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+2 # Check Firescott Dudley 2012-03-19 15:39
He may have been affected by a pill provided by the military.

http://themoderatevoice.com/141853/robert-bales-and-big-pharma/
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-1 # RE: Alcohol in AfghanistanGeorge C. 2012-03-19 15:41
Michael,
If a drunk driver kills someone in the United States he/she is charged with vehicular manslaughter not 1st degree murder, unless of course the person got in the car with the specific intent of running down and killing someone.
Regarding the troop who allegedly shot these 16 Afgans, is it your contention that a traumatic brain injury and PTSD, if they apply, are not mitigating issues? My point here is that I think he could be found to be sane now but also considered to have been temporarily insane at the time the act was committed. Much is being learned about TBI and PTSD, unfortunately because so many of our troops are suffering these injuries in this lengthy conflict.
I agree with you, pull the main battle force out of this hellhole now...
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+2 # AuthorMichael Yon author 2012-03-19 15:44
JBP --

Folks get charged with first degree murder for drinking-drivin g-killing on a regular basis.
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+1 # First Degree MurderMichael Yon Author 2012-03-19 16:00
It's a side topic -- won't take much internet elbow grease to find plenty of cases of people (in various states) charged with first degree murder for killing someone while driving drunk.

http://www.lawgainesville.com/blog/2012/02/drunk-driver-faces-first-degree-murder-charges.shtml
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# RE: Alcohol in AfghanistanGeorge C. 2012-03-19 16:34
Michael,
In my earlier post you'll note that I said,"unless of course the person got in the car with the specific intent of killing someone". In the article that you referenced this is what is alleged. "This means that the prosecutors will have to prove that the drunk driver intended to kill someone." This quote is from the article you you sent me. You have to actually read the comments and the articles before you respond.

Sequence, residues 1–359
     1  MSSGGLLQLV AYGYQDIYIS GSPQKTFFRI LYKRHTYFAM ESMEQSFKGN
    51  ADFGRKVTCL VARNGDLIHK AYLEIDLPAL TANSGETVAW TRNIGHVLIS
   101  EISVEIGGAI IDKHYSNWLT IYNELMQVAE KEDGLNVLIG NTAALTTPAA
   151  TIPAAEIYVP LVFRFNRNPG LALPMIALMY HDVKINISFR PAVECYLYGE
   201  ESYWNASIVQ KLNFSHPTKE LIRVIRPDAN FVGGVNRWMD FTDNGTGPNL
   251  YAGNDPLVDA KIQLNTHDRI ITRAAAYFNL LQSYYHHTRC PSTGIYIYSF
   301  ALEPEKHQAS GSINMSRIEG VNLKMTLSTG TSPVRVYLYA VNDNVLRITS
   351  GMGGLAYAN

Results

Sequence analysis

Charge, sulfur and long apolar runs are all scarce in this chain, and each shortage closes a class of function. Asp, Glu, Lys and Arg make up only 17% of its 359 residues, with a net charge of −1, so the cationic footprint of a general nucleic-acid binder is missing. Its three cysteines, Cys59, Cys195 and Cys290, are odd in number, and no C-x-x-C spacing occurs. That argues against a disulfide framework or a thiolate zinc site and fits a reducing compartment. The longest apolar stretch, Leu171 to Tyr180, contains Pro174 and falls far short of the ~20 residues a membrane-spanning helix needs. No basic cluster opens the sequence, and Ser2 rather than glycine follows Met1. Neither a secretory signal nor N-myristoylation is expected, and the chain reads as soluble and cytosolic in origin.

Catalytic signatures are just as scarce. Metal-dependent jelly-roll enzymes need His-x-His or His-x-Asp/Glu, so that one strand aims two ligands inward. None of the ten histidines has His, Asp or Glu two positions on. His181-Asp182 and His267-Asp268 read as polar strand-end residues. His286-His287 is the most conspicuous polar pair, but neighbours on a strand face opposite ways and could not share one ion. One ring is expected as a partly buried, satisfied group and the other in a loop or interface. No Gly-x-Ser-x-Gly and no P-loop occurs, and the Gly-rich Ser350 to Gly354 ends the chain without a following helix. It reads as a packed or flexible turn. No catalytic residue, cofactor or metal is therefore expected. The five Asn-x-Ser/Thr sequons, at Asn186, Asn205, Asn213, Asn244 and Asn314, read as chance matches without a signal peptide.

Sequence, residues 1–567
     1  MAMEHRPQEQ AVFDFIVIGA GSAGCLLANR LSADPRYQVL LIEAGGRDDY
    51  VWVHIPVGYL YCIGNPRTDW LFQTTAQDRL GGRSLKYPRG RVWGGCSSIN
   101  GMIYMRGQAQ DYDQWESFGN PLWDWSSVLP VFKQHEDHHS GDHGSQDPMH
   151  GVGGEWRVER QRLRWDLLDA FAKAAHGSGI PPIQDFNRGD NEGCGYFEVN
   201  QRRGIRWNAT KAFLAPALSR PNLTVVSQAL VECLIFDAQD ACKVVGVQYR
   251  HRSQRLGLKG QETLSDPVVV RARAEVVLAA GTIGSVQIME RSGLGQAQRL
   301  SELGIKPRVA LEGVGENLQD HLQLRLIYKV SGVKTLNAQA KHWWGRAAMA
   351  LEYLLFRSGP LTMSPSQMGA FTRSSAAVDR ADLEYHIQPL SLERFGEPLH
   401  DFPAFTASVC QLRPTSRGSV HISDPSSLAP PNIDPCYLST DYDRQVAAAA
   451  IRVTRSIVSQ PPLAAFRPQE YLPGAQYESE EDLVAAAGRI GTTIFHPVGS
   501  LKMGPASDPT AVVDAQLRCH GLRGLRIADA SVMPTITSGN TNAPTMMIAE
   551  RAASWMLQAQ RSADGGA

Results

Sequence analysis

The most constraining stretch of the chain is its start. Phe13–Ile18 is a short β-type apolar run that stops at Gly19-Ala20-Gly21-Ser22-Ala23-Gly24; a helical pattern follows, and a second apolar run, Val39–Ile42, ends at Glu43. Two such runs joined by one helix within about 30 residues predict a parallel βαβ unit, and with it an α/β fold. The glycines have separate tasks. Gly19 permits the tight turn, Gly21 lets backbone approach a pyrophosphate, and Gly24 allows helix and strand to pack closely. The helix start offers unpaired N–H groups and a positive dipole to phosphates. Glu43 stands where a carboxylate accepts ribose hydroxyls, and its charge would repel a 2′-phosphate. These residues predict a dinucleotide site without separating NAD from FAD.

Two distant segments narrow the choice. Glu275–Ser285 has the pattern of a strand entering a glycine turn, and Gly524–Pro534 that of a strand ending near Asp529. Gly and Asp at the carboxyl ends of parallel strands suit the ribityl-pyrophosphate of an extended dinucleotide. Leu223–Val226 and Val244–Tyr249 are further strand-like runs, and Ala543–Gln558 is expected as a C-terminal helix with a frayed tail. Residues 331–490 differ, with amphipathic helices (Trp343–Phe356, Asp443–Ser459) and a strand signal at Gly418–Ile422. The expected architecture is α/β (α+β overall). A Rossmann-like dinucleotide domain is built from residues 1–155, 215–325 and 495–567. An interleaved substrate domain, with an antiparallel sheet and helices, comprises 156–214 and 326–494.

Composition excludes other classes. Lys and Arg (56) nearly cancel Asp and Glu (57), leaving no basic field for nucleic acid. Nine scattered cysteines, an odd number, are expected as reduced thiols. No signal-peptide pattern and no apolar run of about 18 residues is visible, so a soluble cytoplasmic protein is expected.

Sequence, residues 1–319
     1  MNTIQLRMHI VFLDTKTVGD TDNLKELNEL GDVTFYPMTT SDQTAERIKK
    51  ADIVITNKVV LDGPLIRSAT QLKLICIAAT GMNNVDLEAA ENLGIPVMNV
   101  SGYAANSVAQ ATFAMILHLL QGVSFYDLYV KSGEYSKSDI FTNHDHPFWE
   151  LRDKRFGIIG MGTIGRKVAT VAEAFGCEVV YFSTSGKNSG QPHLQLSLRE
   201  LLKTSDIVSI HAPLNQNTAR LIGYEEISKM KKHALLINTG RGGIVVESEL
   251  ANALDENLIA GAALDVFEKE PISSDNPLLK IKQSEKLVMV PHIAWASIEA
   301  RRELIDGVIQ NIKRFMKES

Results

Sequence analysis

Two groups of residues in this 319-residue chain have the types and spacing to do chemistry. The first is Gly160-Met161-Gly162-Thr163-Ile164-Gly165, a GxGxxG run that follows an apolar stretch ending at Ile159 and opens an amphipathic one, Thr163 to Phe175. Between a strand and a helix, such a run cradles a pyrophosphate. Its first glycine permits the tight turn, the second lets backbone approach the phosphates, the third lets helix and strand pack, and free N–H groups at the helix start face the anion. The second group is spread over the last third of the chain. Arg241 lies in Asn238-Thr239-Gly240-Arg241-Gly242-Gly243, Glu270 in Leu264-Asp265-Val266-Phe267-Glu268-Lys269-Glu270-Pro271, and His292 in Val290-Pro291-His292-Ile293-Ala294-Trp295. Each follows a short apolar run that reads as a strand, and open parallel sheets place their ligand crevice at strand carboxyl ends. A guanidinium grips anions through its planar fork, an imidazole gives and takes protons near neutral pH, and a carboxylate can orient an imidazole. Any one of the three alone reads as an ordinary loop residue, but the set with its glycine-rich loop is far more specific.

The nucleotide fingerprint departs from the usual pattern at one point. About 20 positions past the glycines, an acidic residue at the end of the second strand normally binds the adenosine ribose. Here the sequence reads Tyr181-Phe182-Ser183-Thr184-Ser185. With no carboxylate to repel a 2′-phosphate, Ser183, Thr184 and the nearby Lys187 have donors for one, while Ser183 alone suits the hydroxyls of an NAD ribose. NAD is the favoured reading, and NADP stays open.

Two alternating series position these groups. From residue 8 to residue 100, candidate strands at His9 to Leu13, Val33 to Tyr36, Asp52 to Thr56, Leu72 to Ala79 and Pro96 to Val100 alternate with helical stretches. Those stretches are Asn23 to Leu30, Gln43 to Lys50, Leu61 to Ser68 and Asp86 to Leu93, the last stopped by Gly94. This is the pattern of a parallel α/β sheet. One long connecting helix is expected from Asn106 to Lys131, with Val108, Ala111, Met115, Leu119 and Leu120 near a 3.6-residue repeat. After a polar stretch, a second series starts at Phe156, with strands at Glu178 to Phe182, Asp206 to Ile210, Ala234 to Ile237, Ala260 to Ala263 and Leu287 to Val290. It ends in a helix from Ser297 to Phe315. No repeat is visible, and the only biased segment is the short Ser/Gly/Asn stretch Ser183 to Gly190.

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+3 # Many casesMichael Yon Author 2012-03-19 16:42
George,

There are many cases. More than you might care to read. It's not uncommon to be charged with first or second degree murder for killing someone while drunk driving.

http://www.wral.com/news/local/story/122825/
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+1 # RE: Alcohol in AfghanistanGeorge C. 2012-03-19 17:12
Michael,
The point that I have been arguing is 1st Degree Murder convictions in DUI cases. Second Degree Murder is much easier to apply. And yes, there have been a few 1st Degree Murder/ DUI convictions. I would argue that any one of them in which a "specific intent" was not proven have been or will be reversed upon appeal.
There is also a big difference between being charged with and be convicted of any particular crime.
Rather than taking up your entire day, I'll concede that instances can be found that support your side of this argument.
I enjoy your dispatches and your personalized book. Please keep up the good work, and stay safe.....
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# Historical PrecedentJacob Theodore 2012-03-19 17:15
As an old person who was young during WWII I think the issue of punishment in this case should be handled as it was then. It was simple. During war, such acts were judged at a Court Martial. The accused was provided a defense, but the Court Martial proceeded not with assumed innocence, but assumed guilt as substantiated by the evidence.Guilt or innocence was based on deliberate acts of the accused rather than any mental or emotional mitigation. Deaths by accident or collateral damage were considered to be a consequence of war rather than criminal activity. Rape, murder,and pillage were not. Without evidence to the contrary, the accused was convicted. http://en.wikipedia.org/wiki/Capital_punishment_by_the_United_States_military

This matter should be kept in the military, and concluded in the military, without political involvement. The death penalty is still in force under the UCMJ.Our military has an obligation to America and to the world to show that it is still a creature of honor, and does not need politicians to clean up its mess. My opinion is, if he is found guilty,he should be taken out and publicly executed for the world to see. It would not be to sooth foreign or domestic opinion, but to restate to ALL observers, a fundamental tenet of what is the last honorable profession, the Profession of Arms.
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+1 # RE: Historical PrecedentGeorge C. 2012-03-19 17:59
At that time far less was known about mental and emotional issues and how they might effect the term, "deliberate". Nowadays I would hope that, even under the UCMJ, you are considered innocent until proven guilty, and, mitigating factors are considered and based upon today's science.
Also, I don't see the "honorable profession" demonstrating that honor by generating a public spectacle via a publicized execution. If indeed he is found guilty of a capital offense and sentenced to death he should be executed, but it need not be made a blood-fest on the TV and internet.
Precedent can become outdated....